In these examples the adsorbent resin employed was Duolite S-861. Prior to experimentation, the resin was soaked in tap water overnight, drained and rinsed the next morning with three (3) washes of distilled water.
A Small glass column (18 cm long×2 cm i.d.) was packed with washed Duolite S-861 adsorbent resin. The bed volume (BV) occupied by the adsorbent resin was 14 mls. Reduced acid grapefruit juice containing 762 p.p.m. naringin and 11.5 p.p.m. limonin (10.5° Brix, 31.5 Brix/Acid Ratio (B/A)--prepared from concentrate, and previously processed to reduce the acid by ion-exchange) was centrifuged. The clear juice was passed through the column at a flow rate of approximately 5 to 6 BV/hr. (about 1.5 ml/min.). Approximately 700 mls of juice were treated and collected. The ratio of the volume of adsorbent resin used to the juice treated was 1:50. Treated and untreated juice were assayed for naringin and limonin by High Pressure Liquid Chromatography (HPLC). The juice had a naringin content of 143 p.p.m.; the limonin content was 1.2 p.p.m. This translated to a naringin and limonin reduction (adsorption) of approximately 80% and 90%, respectively. The results of this experiment are presented in Table I. The treated juice (with the pulp added back) was subjected to organoleptic evaluation against untreated juice using a 14 member laboratory panel. The panelists unanimously identified the treated juice as tasting substantially less bitter than the untreated juice and they agreed that the treated juice tasted virtually nonbitter.
TABLE I______________________________________Debittering ReducedAcid Grapefruit Juice______________________________________Volume of Juice Treated 700 mls.Volume of Juice Treated 50 Bed VolumesInitial Naringin Content of Grapefruit 762 p.p.m.JuiceNaringin Content of Treated Juice 143 p.p.m.Naringin Removed (%), Treated Juice 80%Initial Limonin Content of 11.5 p.p.m.Grapefruit JuiceLimonin Content of Treated Juice 1.2 p.p.m.Limonin Removed (%), Treated Juice 90%______________________________________
The experiment was repeated several times, with minor modifications. Between each experiment, the adsorbent was successfully regenerated by washing the column either with ethanolic or alkaline (NaOH) solutions or with hot water. The reactivated resin was successfully used to debitter more citrus juice.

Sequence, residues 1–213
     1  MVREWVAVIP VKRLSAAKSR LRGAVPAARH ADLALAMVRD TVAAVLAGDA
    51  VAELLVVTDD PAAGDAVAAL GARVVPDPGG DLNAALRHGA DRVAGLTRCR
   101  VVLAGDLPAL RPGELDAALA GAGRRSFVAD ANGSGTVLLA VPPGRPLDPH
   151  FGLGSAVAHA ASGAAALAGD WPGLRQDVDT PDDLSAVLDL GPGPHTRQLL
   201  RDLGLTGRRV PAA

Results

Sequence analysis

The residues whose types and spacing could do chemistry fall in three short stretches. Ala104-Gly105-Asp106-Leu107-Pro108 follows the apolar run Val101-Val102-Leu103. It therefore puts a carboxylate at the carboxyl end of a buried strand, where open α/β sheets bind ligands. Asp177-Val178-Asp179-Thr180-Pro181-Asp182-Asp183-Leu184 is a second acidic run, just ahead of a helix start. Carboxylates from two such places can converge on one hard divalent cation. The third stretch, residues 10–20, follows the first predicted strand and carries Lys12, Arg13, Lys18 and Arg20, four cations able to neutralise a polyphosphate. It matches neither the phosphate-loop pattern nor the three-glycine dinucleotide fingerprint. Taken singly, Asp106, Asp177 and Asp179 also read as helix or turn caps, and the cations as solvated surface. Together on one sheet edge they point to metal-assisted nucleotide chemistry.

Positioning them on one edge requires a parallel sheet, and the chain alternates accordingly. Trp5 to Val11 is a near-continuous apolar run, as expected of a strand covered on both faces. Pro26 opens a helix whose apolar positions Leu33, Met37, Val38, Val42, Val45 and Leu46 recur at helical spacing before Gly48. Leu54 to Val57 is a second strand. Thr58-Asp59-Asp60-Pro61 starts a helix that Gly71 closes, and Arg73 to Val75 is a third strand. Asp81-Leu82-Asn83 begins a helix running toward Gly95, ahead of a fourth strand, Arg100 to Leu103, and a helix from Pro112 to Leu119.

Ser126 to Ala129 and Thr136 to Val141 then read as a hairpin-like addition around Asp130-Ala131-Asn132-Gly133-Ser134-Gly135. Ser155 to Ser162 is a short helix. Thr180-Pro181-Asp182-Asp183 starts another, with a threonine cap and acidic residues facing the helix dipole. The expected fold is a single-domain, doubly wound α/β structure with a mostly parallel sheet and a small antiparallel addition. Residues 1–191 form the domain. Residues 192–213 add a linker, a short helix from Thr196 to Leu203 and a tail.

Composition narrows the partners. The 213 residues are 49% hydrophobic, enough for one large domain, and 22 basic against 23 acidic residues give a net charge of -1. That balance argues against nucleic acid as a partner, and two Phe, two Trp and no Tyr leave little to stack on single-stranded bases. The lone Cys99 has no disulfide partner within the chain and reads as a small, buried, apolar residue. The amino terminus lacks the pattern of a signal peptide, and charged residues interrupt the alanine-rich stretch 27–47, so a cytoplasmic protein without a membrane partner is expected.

Since the presence of ascorbic acid in citrus juices is nutritionally significant, the ascorbic acid content of reduced acid grapefruit juice was determined before and after treatment in order to study the effect of the adsorption process on ascorbic acid levels in the juice. As can be seen from Table II only a 6.6% loss in ascorbic acid was observed upon treatment.
TABLE II______________________________________Retention of Ascorbic Acid inGrapefruit Juice After Treatment______________________________________Ascorbic Acid Content of Untreated 34.0 mg/100 mlsJuiceAscorbic Acid Content of Treated 31.7 mg/100 mlsJuiceAscorbic Acid Lost Upon 6.6%Treatment______________________________________
A small glass column (18 cm long×2 cm i.d.) was packed with washed Duolite S-861. The bed volume occupied by the column was 15 mls. Navel orange juice containing 8.2 p.p.m. of limonin (11.5° Brix; 15.3 B/A ratio, prepared from concentrate) was centrifuged. The clear juice was passed through the column at a flow rate of approximately 7 Bed Volumes (BV) per hour. Approximately 800 mls of the juice were treated and collected. The ratio of the volume of adsorbent used to the juice treated was 1:53. Treated and untreated juice were assayed for limonin. The treated juice had a limonin level of 1.2 p.p.m. A reduction of 85% in the limonin content was achieved using the adsorption process. The results of this experiment are shown in Table III. As judged by the sensory panel described in Example 1, a majority of the panelists identified the treated juice as tasting substantially nonbitter.